(Adds forecast, background on Apple lawsuit)
Jan 31 (Reuters) - Chipmaker Qualcomm Inc's earnings and revenue exceeded Wall Street forecasts for the first fiscal quarter as demand surged for its chips used in smartphones and cars, making up for a fall in licensing revenue.
The results come as the San Diego-based chipmaker tries to rebuff a $103-billion takeover approach by Broadcom Ltd and close its long-pending $38-billion deal to buy automotive chip maker NXP Semiconductors.
Qualcomm is trying to convince shareholders that it can boost earnings as a standalone company through a $1 billion cost reduction plan and by resolving license disputes including a high-profile patent battle with Apple Inc.
But its earnings and revenue forecasts for the ongoing March quarter were well below what analysts were expecting, sending Qualcomm shares slightly lower in after-hours trading on Wednesday.
Qualcomm expects $4.8 billion to $5.6 billion in second-quarter revenue and adjusted earnings per share of 65 cents to 75 cents. Analysts had estimated revenue of $5.58 billion and earnings of 85 cents per share, according to Thomson Reuters I/B/E/S.
Revenue at Qualcomm's CDMA technologies unit rose 13 percent to $4.65 billion in the first quarter ended Dec. 24. The business makes modem chips for phones as well as products for connected devices including cars and speakers.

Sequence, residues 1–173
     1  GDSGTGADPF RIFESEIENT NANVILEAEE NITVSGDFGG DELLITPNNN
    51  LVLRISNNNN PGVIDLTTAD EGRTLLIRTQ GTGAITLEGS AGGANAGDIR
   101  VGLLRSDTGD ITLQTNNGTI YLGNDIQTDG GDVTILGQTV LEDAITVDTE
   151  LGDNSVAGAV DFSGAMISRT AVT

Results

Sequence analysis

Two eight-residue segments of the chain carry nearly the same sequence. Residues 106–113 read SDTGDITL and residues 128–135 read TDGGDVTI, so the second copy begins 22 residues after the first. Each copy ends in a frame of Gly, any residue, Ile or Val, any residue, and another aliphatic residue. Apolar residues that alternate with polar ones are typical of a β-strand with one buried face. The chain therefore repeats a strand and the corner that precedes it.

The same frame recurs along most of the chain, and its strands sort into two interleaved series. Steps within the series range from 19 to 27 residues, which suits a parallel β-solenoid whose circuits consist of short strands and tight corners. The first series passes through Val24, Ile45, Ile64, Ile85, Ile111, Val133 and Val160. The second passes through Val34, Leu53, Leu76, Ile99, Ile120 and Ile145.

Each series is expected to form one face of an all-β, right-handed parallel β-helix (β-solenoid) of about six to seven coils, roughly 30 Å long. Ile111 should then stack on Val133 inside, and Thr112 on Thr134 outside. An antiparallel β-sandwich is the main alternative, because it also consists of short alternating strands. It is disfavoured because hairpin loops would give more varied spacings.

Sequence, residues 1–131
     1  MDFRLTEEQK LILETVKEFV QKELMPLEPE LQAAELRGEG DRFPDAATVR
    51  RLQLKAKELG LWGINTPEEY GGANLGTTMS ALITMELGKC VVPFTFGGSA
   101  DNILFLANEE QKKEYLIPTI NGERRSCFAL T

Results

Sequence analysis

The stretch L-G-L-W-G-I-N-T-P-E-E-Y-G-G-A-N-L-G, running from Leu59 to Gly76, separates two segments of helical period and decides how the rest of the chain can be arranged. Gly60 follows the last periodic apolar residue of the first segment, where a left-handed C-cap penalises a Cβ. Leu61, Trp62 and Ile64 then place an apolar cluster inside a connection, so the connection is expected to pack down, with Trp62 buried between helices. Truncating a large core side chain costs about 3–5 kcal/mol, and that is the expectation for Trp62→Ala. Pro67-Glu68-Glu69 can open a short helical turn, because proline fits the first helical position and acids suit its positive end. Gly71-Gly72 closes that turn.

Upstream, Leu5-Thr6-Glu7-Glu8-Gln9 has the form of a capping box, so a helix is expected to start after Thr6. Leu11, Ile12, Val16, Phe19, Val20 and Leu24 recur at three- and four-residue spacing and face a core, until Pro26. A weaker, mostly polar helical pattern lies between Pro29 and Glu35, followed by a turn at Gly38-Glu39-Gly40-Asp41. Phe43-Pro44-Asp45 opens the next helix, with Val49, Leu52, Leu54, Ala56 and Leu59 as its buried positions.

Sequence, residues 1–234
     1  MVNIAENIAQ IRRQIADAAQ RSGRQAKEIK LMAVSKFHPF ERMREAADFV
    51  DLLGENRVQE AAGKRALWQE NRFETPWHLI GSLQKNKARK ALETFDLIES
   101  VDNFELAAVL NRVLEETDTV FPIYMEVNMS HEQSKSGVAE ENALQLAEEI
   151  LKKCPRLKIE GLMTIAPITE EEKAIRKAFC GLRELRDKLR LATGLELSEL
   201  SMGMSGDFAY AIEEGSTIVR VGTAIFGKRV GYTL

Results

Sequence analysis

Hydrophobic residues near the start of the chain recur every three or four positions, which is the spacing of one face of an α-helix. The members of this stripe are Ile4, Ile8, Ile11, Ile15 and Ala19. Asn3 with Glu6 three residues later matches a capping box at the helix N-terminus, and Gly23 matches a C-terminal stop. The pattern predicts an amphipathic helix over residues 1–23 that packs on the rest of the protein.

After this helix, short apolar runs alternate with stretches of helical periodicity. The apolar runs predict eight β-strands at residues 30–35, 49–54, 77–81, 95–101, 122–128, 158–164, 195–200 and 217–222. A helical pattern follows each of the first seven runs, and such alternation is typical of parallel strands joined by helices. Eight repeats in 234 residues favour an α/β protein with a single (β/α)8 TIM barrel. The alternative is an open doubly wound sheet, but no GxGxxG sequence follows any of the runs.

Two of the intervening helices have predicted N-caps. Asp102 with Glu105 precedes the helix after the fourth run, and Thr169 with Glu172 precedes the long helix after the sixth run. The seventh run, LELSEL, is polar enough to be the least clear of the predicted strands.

The licensing business recorded a 28 percent fall in revenue to $1.30 billion, weighed down by the Apple dispute.
Apple sued Qualcomm last January, accusing it of overcharging for chips and of refusing to pay some $1 billion in promised rebates.
"We remain open to finding a path to resolution (with Apple)," Qualcomm Chief Executive Steve Mollenkopf said on a call with analysts.
Qualcomm posted a net loss of $5.95 billion compared to a profit of $682 million a year earlier, reflecting a $6 billion one-time charge because of new U.S. tax laws and a $868 million charge for a fine imposed by the Korea Fair Trade Commission.
Excluding one-time items, Qualcomm earned 98 cents per share, topping analysts' average estimate of 91 cents, according to Thomson Reuters I/B/E/S.
Revenue rose 1.2 percent to $6.07 billion and exceeded analysts' estimates of $5.93 billion. (Reporting by Sonam Rai in Bengaluru and Stephen Nellis in San Francisco; Editing by Sai Sachin Ravikumar)